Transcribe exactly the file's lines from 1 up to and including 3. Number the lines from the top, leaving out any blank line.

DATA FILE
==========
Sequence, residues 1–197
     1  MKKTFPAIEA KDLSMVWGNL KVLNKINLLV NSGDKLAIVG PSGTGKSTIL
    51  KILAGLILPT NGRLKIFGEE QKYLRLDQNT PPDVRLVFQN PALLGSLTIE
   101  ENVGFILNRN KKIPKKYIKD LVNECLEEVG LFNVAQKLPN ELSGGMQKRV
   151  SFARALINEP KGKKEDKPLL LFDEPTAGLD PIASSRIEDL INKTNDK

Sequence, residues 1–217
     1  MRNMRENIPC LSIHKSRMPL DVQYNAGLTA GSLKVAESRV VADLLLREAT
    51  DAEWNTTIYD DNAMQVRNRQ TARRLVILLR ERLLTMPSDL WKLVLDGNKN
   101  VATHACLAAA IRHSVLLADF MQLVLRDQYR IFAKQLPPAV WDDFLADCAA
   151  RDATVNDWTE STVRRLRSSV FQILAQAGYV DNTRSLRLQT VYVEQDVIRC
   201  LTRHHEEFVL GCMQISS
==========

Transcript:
Sequence, residues 1–197
     1  MKKTFPAIEA KDLSMVWGNL KVLNKINLLV NSGDKLAIVG PSGTGKSTIL
    51  KILAGLILPT NGRLKIFGEE QKYLRLDQNT PPDVRLVFQN PALLGSLTIE